Companies entering into a merger or acquisition should start developing a change plan for their employees at the same time the deal is being negotiated and should not sugar-coat bad news, workplace experts say.
Anthony Mitchell, chief potential officer at strategic leadership firm Bendelta, said too often businesses were caught out by failing to prepare adequately to guide employees through the change.
“Too many companies think about the change plan late in the piece,” Mitchell said. “The change plan should be developed in parallel with the sale decision.
“As soon as the sale looks likely – and well before it is confirmed – there should be a change plan being finalised. This may mean that work on the change plan started months in advance of announcement.
“The simple fact is that well-planned change processes go better than when they are made up on the fly. A good change plan will be clear on the objectives, identify the likely reactions and concerns, have answers to most questions already worked out, and include a multi-channel two-way communications strategy and timetable.”
Mitchell said it was important that company leaders were able to answer the fundamental questions honestly and clearly, and that employees were given multiple ways to access information and ask further questions.
Reduce stress levels
After the deal is announced, it should be executed as quickly as possible, Mitchell said, to reduce the amount of stress for employees and mitigate impact on productivity and morale.
“Many employees may be initially wary or worried, even if the sale is a good idea and in their best interests,” he said.
“This is because surprises trigger primal threat sensors in our brains. If things suddenly feel more uncertain, or if an employee feels that they may lose their status, work relationships or employment benefits, they will start to act as though they’ve been attacked – leading to fight, flight or freeze responses.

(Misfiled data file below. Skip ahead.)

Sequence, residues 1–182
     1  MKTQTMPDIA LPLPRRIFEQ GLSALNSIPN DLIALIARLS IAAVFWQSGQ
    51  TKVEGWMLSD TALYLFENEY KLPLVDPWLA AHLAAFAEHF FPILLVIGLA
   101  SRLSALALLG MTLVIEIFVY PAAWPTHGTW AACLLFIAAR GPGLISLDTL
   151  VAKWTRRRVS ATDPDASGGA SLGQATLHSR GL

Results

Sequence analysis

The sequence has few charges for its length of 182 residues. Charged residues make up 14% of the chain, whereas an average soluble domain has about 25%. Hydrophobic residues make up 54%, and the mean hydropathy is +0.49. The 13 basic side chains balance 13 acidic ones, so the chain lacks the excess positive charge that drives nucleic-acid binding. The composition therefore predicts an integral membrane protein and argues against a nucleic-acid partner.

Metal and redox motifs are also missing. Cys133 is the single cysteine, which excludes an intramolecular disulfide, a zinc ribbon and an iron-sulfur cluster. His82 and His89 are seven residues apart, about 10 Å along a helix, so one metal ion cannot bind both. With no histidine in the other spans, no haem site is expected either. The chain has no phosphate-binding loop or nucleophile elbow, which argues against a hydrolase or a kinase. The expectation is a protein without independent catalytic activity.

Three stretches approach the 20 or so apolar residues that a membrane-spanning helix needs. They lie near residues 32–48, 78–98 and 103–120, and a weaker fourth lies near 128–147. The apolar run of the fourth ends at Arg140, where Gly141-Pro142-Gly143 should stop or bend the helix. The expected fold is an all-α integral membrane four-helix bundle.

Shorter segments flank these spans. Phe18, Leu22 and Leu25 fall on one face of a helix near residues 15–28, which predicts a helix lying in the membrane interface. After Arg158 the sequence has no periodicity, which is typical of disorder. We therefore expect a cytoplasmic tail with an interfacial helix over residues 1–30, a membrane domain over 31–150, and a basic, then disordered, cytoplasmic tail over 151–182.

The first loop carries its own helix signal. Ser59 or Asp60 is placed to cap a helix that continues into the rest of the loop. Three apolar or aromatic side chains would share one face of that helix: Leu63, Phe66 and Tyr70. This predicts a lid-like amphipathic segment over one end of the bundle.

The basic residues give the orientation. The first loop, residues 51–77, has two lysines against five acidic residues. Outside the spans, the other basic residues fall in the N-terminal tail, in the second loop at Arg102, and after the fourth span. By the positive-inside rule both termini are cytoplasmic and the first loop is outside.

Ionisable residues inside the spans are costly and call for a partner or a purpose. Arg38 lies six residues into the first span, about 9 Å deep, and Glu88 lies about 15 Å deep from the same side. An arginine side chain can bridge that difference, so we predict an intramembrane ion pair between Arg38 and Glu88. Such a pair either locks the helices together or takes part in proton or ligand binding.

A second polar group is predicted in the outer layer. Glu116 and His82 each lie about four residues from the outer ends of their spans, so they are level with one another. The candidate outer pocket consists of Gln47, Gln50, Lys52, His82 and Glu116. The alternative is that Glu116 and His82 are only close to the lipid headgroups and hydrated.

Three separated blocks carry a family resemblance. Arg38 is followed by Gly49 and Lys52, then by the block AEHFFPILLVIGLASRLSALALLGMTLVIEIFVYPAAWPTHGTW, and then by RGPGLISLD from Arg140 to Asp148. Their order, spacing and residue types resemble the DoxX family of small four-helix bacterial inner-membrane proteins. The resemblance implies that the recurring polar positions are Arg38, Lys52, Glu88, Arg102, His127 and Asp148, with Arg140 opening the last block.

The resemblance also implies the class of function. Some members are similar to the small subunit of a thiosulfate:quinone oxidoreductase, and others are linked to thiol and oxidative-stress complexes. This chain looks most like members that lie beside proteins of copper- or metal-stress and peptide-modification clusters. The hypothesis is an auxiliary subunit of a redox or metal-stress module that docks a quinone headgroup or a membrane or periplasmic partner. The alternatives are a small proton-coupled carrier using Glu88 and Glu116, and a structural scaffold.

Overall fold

“While the senior executives may be thinking about the new business venture, other employees may be preoccupied with questions ranging from ‘where will my desk be?’ and ‘what will my title be?’ through to ‘I wonder if now might be a good time to go travelling?’ or ‘I wonder if I can get a big redundancy package?’
“It’s important to understand that employees may be operating in very emotional ways, and thinking much more about ‘what’s in it for me’ before they can focus on what is happening for the company.”
Aaron McEwan, HR advisory leader at Gartner, said the guidelines for a successful change plan were the same regardless of whether the deal was good or bad news for employees – and that communicating the changes clearly without unnecessarily sugar-coating them was important.
“If you think about how much effort we put into building positive messages, almost all of our intent when something like this happens is to create positivity. The reality is that whenever you go through a merger or acquisition, people are impacted. They’re impacted deeply,” he said.
“The important thing is that they get it and understand it. Employees aren’t stupid, and so they don’t react well when we treat them that way. So the best advice we have for companies is to be honest and transparent about what’s happening and what’s coming next.
“As long as employees understand the goal of the change and it has been clearly articulated to them – even if it has negative consequences – it doesn’t impede their ability to get on board.”
Having studied hundreds of companies in transition, McEwan said another of his findings was that the employees most able to make changes a success were not always the company leaders.
“Leaders aren’t always best situated to make the change process smooth and effective. If leaders are responsible for change implementation, it’s actually more likely to be unsuccessful,” he said.
“What you want to do is engage key employees that are closer to the organisation, closer to the customers and closer to the work that’s being done.”
McEwan said while it was important to have a change plan, it was also important to realise it should not be set in stone and be open to adapting it as the situation unfolds.
“A clear goal matters more than a perfect plan,” he said. “We live in the age of disruption, plans are definitely not permanent.
“No-one would have predicted Trump or Brexit. So when you go into a merger or an acquisition, having a clear goal about what you’re trying to achieve is the most important thing. You can then make plans, but recognise that those plans are likely to change as the situation does.”
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About the Author:
Anthony Mitchell is the co-founder and Chief Potential Officer of Bendelta. He is an internationally recognised thought leader in strategic leadership. He has been advising companies internationally for the last 25 years, working across more than 30 countries on five continents advising clients ranging from leading multi-nationals and listed companies to major government agencies and not-for-profits.